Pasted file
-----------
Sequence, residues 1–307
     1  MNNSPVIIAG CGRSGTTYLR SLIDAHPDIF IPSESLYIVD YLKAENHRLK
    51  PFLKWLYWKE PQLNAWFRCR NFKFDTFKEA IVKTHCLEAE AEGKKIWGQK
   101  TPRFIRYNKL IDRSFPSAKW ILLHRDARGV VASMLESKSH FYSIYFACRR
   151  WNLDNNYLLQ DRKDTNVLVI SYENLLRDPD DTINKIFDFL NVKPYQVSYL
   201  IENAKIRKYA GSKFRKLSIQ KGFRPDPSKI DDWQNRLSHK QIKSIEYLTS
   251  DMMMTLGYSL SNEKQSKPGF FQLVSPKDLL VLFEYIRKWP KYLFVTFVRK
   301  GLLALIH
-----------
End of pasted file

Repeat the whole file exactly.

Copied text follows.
Sequence, residues 1–307
     1  MNNSPVIIAG CGRSGTTYLR SLIDAHPDIF IPSESLYIVD YLKAENHRLK
    51  PFLKWLYWKE PQLNAWFRCR NFKFDTFKEA IVKTHCLEAE AEGKKIWGQK
   101  TPRFIRYNKL IDRSFPSAKW ILLHRDARGV VASMLESKSH FYSIYFACRR
   151  WNLDNNYLLQ DRKDTNVLVI SYENLLRDPD DTINKIFDFL NVKPYQVSYL
   201  IENAKIRKYA GSKFRKLSIQ KGFRPDPSKI DDWQNRLSHK QIKSIEYLTS
   251  DMMMTLGYSL SNEKQSKPGF FQLVSPKDLL VLFEYIRKWP KYLFVTFVRK
   301  GLLALIH